In 2015, Archbishop Sample came out with a statement calling for an end to the death penalty in the state and for support to promote the dignity and sanctity of all life. At the time, there was an Governor imposed moratorium on executions, effectively halting all death sentences while the Governor is in office. A portion of the statement is read as follows:
"On this day, November 30, The International Day of Cities for Life/Cities against the Death Penalty, I am pleased to express on behalf of the Archdiocese of Portland in Oregon, our support for the decision by Governor Kate Brown to continue the moratorium on executions in Oregon.
Governor Brown has answered the call issued by Pope Francis earlier this year to leaders around the world to mark the Church’s Jubilee Year of Mercy by ending the use of the death penalty. The Pope explained that now is an acceptable time to promote a growing maturity in respect for life and human dignity, and said that all Christians are called to work for the abolition of the death penalty.
The Church once acknowledged that the death penalty would be permissible in certain limited circumstances, but it was not to be used when other means of protecting the community are available and sufficient. It is therefore clear that there can be no place for the death penalty in a developed society such as ours because it is not necessary for us to use capital punishment to protect ourselves from harm. We have matured in our respect for life and human dignity. An examination of the realities of our death penalty system as it exists gives good reason to reject this approach to punishment.
Across the United States, 156 innocent people have now been found to have been wrongly sentenced to death and have now been released from death row. The financial cost of the death penalty is high, diverting resources that might instead be invested in services that are life-sustaining, not life-ending. It is clear that death sentences are not imposed according to objective standards of fairness; race, class, location, and other factors all play a significant role in a defendant’s chances of being sentenced to death. The decision to reject death in favor of life does not reflect a lessening of compassion for the families of those who have been victims of murder. Families continue to bear the burden of their grief and loss. Their right to see justice done on behalf of their loved ones is not diminished. But no peace can result from the violence of the death penalty. Archbishop Charles Chaput said it well, "The Church invites us to recover our own humanity, choosing God's higher road of restraint and mercy instead of state-sanctioned killing that implicates all of us as citizens."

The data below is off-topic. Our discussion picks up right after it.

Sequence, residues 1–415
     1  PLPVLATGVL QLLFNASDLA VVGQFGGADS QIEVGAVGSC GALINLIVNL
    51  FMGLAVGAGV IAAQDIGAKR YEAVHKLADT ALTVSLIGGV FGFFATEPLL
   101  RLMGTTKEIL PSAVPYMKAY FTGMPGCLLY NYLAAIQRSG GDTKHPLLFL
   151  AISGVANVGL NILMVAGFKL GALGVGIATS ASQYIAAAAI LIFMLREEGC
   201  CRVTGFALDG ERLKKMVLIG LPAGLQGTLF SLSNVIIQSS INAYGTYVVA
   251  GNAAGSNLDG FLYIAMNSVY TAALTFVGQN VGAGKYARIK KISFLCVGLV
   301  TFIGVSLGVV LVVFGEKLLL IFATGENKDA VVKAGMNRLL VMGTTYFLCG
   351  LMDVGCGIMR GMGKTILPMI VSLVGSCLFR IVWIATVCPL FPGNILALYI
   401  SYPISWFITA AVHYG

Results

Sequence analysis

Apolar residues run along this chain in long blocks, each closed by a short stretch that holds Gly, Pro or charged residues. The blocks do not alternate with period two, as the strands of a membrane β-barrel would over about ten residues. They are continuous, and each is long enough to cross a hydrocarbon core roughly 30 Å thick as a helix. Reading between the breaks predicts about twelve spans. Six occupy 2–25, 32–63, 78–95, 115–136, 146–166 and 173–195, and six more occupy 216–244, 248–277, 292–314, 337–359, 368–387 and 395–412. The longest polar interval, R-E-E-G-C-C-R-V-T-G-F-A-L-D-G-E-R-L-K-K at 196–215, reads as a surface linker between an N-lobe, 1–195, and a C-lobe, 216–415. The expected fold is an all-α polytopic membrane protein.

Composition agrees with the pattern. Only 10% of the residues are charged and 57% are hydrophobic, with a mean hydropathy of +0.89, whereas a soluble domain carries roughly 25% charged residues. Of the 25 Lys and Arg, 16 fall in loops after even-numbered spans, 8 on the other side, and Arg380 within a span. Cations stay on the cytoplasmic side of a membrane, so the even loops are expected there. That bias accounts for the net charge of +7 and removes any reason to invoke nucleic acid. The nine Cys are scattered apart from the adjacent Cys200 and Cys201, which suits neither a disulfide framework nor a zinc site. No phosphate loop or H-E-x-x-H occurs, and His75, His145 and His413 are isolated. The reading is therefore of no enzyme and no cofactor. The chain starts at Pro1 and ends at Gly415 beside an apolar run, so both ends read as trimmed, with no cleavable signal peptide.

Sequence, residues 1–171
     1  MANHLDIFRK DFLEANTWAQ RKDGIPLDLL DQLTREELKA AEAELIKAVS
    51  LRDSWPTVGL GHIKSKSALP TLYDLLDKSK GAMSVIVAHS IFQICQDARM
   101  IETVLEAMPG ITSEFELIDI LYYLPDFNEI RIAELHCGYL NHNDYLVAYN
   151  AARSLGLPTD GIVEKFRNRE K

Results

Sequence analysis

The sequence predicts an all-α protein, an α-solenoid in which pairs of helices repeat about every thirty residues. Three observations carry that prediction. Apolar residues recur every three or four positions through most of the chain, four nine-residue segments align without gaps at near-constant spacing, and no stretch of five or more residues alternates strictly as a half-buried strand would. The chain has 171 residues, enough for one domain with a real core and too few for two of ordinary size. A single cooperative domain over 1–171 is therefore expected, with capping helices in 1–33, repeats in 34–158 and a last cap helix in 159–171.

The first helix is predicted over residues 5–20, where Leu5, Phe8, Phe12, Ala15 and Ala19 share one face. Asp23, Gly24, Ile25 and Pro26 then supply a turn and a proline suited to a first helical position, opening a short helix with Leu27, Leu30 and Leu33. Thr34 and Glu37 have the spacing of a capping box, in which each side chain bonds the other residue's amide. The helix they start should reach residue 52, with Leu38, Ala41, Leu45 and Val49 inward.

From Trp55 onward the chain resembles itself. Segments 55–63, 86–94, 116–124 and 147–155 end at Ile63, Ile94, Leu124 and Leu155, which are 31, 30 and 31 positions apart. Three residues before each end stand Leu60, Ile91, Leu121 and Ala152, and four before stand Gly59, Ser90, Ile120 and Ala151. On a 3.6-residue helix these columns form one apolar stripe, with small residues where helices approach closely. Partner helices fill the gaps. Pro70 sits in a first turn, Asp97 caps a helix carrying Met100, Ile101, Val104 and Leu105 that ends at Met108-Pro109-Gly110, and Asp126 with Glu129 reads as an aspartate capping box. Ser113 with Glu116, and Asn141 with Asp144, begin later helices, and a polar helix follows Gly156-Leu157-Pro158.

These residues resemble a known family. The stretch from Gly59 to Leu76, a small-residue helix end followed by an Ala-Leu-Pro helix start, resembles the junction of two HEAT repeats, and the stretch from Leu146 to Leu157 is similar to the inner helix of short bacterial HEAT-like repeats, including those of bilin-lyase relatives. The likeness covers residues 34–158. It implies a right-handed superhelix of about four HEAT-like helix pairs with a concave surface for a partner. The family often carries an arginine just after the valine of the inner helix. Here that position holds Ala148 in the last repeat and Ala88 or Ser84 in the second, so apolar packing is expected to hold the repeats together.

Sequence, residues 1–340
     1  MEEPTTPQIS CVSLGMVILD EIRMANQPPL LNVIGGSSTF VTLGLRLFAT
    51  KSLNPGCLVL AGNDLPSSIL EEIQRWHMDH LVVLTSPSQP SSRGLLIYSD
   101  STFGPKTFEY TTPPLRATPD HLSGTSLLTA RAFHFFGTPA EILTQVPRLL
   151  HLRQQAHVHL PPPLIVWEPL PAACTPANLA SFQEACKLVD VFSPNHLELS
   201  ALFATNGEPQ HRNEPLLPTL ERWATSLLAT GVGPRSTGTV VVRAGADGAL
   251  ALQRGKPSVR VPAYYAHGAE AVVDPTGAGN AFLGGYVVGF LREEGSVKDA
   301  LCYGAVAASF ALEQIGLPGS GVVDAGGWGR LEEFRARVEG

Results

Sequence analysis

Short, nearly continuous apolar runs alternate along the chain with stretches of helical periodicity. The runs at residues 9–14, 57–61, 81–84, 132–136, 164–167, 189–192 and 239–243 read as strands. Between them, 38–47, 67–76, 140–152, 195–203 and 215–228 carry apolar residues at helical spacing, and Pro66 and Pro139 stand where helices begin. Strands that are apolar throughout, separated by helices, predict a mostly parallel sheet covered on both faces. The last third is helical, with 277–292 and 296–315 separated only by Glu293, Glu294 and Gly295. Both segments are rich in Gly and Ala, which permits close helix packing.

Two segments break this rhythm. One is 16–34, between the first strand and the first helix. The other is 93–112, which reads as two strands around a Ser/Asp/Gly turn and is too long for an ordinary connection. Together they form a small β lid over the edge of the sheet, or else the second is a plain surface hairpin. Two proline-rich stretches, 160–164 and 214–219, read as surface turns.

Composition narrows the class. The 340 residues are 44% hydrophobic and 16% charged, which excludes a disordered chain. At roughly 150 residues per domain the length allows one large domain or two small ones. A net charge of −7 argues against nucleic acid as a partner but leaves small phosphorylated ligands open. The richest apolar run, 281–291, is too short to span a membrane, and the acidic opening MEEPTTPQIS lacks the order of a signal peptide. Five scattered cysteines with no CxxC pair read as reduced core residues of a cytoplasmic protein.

The punishments imposed by our criminal justice system should reflect the inherent dignity of every human person. We do not believe that our community would benefit from the imposition of the death penalty on any of those sentenced to die. Just the opposite. We as the bishops of the United State are in agreement that "ending the death penalty would be one important step away from a culture of death and toward building a culture of life.” There are currently 34 people on Oregon’s death row. Despite the moratorium, death penalty cases continue to proceed through the appeals system and new death sentences can still be issued. The Archdiocese of Portland calls on Gov. Brown to take another step in building a culture of life and commute the sentences of all those on Oregon's death row to life without parole."